Replicated Data Cluster:
In a replicated data cluster there is no shared disk. Instead, a data replication product synchronizes copies of data between nodes. Replication can take place at the application, host, and storage levels. Regardless of which replication technology is used, the solution must provide data access that is identical to the shared disks. If the failover management software requires failover due to a node or storage failure, the takeover node must possess an identical copy of data. This typically implies synchronous replication. At the same time, when the original server or storage is repaired, it must return to standby capability.


Global Cluster
A global cluster links clusters at separate locations and enables wide-area failover and disaster recovery. In a global cluster, if an application or a system fails, the application is migrated to another system within the same cluster. If the entire cluster fails, the application is migrated to a system in another cluster.
Configuration:
Configuring VCS means conveying to the VCS engine the definitions of the cluster, service groups, resources, and resource dependencies. VCS uses two configuration files in a default configuration:
The main.cf file defines the entire cluster.
The types.cf file defines the resource types.
By default, both files reside in the directory /etc/VRTSvcs/conf/config. Additional files similar to types.cf may be present if agents have been added, such as Oracletypes.cf.
In a VCS cluster, the first system to be brought online reads the configuration file and creates an internal (in-memory) representation of the configuration. Systems brought online after the first system derive their information from systems running in the cluster. You must stop the cluster while you are modifying the files from the command line. Changes made by editing the configuration files take effect when the cluster is restarted. The node on which the changes were made should be the first node to be brought back online.
main.cf File
Include Clauses
Include clauses incorporate additional configuration files into main.cf. These additional files typically contain type definitions, including the types.cf file. Other type definitions must be included as required.
Cluster Definition
This section of main.cf defines the attributes of the cluster, including the cluster name and the names of the cluster users.
System Definition
Each system designated as part of the cluster is listed in this section of main.cf. The names listed as system names must match the name returned by the command uname-a. System names are preceded with the keyword “system.” For any system to be used in a service group definition, it must be defined in this section.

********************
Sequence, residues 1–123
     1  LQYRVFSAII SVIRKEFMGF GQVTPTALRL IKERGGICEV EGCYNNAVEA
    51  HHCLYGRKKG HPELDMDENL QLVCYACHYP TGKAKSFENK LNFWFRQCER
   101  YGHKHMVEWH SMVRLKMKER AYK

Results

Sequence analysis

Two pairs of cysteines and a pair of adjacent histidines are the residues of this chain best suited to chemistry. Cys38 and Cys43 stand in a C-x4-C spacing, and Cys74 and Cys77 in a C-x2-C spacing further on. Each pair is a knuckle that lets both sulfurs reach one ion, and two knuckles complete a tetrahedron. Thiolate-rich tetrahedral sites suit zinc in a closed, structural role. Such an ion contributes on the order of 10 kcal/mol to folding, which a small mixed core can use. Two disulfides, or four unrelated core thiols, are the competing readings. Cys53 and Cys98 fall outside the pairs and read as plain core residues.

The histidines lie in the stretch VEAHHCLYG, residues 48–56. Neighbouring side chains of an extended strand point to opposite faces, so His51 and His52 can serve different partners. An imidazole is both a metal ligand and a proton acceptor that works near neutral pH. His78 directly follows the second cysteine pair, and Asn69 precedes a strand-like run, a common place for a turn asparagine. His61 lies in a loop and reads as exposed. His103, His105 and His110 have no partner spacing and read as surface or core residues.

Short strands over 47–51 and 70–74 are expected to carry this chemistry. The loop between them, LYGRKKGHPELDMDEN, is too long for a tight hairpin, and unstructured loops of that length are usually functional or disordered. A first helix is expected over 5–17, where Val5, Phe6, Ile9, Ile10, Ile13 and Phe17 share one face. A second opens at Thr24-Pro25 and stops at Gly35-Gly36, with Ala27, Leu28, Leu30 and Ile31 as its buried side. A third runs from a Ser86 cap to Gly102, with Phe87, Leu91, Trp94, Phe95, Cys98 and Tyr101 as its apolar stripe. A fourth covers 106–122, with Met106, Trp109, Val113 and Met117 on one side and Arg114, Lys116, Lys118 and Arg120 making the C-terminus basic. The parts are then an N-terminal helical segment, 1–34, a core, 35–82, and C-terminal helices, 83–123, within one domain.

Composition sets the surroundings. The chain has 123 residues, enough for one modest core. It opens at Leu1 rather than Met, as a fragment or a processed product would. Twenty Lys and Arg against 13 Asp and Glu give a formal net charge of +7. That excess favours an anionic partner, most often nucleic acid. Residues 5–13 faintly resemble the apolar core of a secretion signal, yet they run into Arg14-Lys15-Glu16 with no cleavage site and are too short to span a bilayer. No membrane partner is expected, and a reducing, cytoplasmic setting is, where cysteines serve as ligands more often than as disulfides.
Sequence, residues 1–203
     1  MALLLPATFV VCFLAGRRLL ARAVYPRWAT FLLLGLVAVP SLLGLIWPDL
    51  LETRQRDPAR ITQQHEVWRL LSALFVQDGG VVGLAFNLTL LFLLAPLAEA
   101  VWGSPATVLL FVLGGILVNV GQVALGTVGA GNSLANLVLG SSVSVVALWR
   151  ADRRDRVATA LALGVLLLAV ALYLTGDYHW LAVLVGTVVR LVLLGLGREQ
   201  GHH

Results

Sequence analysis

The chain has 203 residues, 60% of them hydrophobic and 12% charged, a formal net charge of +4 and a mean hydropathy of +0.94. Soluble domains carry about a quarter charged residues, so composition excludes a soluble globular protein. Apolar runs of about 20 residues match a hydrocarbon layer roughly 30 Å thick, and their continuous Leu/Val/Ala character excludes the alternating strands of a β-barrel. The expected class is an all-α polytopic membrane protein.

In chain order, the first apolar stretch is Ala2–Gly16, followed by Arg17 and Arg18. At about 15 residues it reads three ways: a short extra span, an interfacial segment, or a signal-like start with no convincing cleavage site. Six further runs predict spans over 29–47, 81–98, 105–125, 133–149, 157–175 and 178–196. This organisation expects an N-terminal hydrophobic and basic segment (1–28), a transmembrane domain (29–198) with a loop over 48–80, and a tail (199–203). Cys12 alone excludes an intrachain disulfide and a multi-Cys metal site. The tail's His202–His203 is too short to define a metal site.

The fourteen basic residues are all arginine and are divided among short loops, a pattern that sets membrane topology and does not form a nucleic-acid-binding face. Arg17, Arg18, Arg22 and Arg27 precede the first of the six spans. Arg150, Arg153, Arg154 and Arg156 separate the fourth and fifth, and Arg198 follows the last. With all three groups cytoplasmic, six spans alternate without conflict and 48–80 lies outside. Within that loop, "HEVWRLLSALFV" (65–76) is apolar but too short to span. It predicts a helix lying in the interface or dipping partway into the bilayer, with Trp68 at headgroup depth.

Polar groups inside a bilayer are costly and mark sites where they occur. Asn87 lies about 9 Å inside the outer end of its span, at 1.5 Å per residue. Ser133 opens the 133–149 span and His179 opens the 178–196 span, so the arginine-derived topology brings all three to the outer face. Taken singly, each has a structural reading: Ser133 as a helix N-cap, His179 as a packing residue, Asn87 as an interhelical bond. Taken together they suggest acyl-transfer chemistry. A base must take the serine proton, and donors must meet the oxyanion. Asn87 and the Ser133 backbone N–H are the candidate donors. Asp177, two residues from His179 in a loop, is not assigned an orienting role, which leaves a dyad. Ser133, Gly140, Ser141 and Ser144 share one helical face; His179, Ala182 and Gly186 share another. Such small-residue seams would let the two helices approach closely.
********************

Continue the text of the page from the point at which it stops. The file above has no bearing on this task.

Service Group Definition
Service group definitions in main.cf comprise the attributes of a particular service group.
Resource Definition
This section in main.cf defines each resource used in a particular service group
Service Group Dependency Clause
To configure a service group dependency, place the keyword “requires” in the service group declaration of the main.cf file. Position the dependency clause before the resource dependency specifications and after the resource declarations.
Resource Dependency Clause
A dependency between resources is indicated by the keyword “requires” between two resource names. This indicates the second resource (the child) must be online before the first resource (the parent) can be brought online. Conversely, the parent must be offline before the child can be taken offline. Also, faults of the children are propagated to the parent.
The following example is a basic two-node cluster exporting an NFS file system. The systems are configured as:
1. servers: Server1 and Server2
2. storage: One disk group managed using VERITAS Volume Manager, shared1
3. file system: /home  
4. IP address: 192.168.1.3 IP_nfs1 public interface: hme0 Server1 is primary location to start the NFS_group1
In an NFS configuration, the resource dependencies must be configured to bring up the IP address last. This prevents the client from accessing the server until everything is ready, and preventing unnecessary “Stale File Handle” errors on the clients.
include “types.cf”
cluster demo (
UserNames = { admin = cDRpdxPmHpzS }
)
system Server1
system Server2
group NFS_group1 (
  SystemList = { Server1, Server2 }
  AutoStartList = { Server1 }
)
DiskGroup DG_shared1 (
    DiskGroup = shared1
)
IP IP_nfs1 (
    Device = hme0
    Address = “192.168.1.3”
)
Mount Mount_home (